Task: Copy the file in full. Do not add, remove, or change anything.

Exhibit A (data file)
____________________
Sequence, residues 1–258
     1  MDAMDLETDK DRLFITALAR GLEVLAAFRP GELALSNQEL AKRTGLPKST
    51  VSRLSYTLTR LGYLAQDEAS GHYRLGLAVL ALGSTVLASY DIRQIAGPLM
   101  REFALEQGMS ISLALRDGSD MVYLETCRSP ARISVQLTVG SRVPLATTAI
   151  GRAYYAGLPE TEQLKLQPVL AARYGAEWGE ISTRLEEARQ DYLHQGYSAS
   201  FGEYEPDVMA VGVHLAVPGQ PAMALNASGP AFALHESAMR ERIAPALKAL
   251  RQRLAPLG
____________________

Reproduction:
Sequence, residues 1–258
     1  MDAMDLETDK DRLFITALAR GLEVLAAFRP GELALSNQEL AKRTGLPKST
    51  VSRLSYTLTR LGYLAQDEAS GHYRLGLAVL ALGSTVLASY DIRQIAGPLM
   101  REFALEQGMS ISLALRDGSD MVYLETCRSP ARISVQLTVG SRVPLATTAI
   151  GRAYYAGLPE TEQLKLQPVL AARYGAEWGE ISTRLEEARQ DYLHQGYSAS
   201  FGEYEPDVMA VGVHLAVPGQ PAMALNASGP AFALHESAMR ERIAPALKAL
   251  RQRLAPLG